Clinical Care

How we’re reducing hospital-acquired pressure injuries

Pressure injuries are a complex problem that can result in long-term and possibly irreversible skin damage, prolonged hospitalization and higher treatment costs.


Pressure injuries are a complex problem that can result in long-term and possibly irreversible skin damage, prolonged hospitalization and higher treatment costs. They affect an estimated 1 to 3 million people in the United States every year, with the prevalence of pressure injuries in hospitalized patients estimated to be 5 to 15%, and as high as 49% in the intensive care setting.

Treatment for pressure injuries is lengthy and causes significant financial burden for hospital systems. In the United States, an estimated $11 billion a year is spent on pressure injuries, with up to $70,000 for a single wound.

Fortunately, hospital-acquired pressure injuries are generally preventable. For the past several months, Asante has placed special emphasis on preventing and mitigating patient harm from HAPIs, beginning with a survey to identify the barriers to pressure-injury prevention.

We discovered there were opportunities for improvement in knowledge of interventions recommended for high-risk patients; knowledge of preventive dressings; pressure, friction and shear-reduction strategies (including specialty beds, dressings, heel protectors, and positioning and turning tools and techniques); managing incontinence; and assessing patients’ nutritional needs.

The survey helped guide the development of a new pressure-injury prevention policy and education plan that will be rolled out in the coming months.

The new policy will include a pressure-injury-prevention bundle, an evidence-based, structured approach to improve care processes. When performed collectively and reliably, these bundle elements have been proven to improve patient outcomes and include the following elements:

Standardized risk assessments
  • Conduct a comprehensive skin assessment.
  • Use the Braden scale to assess risk of developing a pressure injury.
Pressure, friction and shear reduction
  • Avoid positioning patients on an area of known injury.
  • Reposition high-risk patients off bony prominences such as the coccyx and heels.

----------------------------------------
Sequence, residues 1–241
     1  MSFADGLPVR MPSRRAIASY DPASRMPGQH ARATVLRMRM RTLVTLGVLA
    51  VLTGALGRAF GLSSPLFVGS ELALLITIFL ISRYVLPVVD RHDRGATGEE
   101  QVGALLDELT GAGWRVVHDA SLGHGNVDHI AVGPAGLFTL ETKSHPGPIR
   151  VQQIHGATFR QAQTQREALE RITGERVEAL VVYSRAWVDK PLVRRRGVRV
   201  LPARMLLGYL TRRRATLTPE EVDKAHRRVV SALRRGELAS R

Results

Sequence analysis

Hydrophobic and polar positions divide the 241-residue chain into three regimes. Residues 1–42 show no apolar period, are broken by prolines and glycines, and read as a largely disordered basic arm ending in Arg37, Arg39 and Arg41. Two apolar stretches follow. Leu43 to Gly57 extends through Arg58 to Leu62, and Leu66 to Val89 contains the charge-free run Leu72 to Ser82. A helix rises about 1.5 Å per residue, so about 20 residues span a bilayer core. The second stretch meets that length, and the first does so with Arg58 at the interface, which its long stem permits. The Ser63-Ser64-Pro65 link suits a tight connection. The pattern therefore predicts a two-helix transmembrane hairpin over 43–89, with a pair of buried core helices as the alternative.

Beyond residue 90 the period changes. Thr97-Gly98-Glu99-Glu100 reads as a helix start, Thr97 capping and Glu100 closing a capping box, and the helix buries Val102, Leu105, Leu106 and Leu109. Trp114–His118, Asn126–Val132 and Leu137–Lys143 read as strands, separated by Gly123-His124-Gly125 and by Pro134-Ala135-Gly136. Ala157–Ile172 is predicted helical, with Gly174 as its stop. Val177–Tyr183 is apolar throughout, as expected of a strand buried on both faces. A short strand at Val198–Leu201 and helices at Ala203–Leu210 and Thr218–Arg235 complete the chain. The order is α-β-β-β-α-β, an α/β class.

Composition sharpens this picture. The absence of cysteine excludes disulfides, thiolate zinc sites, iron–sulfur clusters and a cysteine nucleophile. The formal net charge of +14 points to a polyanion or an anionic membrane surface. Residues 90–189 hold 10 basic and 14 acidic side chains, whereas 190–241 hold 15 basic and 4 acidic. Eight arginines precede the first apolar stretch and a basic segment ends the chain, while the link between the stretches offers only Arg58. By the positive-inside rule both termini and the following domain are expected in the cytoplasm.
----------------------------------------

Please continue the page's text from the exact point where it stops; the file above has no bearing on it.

• Use pressure-relieving devices (e.g. seat cushion, prevention dressings, heel offloading boots).
  • Assess skin beneath medical devices.
  • Use an appropriate support surface/bed type.
Positioning and mobilization
  • Change position every two hours or more as needed; avoid areas of redness or injury.
  • Encourage early mobility using the Asante Mobility Tool.
Moisture reduction and skin care
  • Assess pressure points, temperature and skin beneath devices.
  • Keep skin clean and at normal moisture.
  • Clean skin promptly after episodes of incontinence.
  • Use barrier products as indicated.
  • Ensure patients receive adequate nutrition.

The initial education plan will help develop foundational knowledge, skills and competencies to identify and prevent pressure injuries. Pressure injury trends and data will continue to be shared monthly at the system-level HAC and patient safety committee meetings to identify opportunities for improvement, including continued education and training focused on reducing pressure injury rates. These efforts require a multidisciplinary approach to prevent hospital-acquired pressure injuries and ensure existing pressure injuries don’t worsen during hospitalization.

Three-year pressure injury rates per 10,000 adjusted patient days.
What is a pressure injury?

A pressure injury is localized damage to the skin and underlying soft tissue, usually over a bony prominence or related to pressure from a medical device. The injury can present as discolored intact skin or an open ulcer and may be painful.

The injury occurs as a result of intense pressure, prolonged pressure or pressure in combination with shear. Patients can come into hospitals with a pressure injury or acquire it during their stay, otherwise known as hospital-acquired pressure injuries, or HAPIs.

Tags: bed sores, Chris Jostad, HAPI, pressure injuries, prevention, STAT
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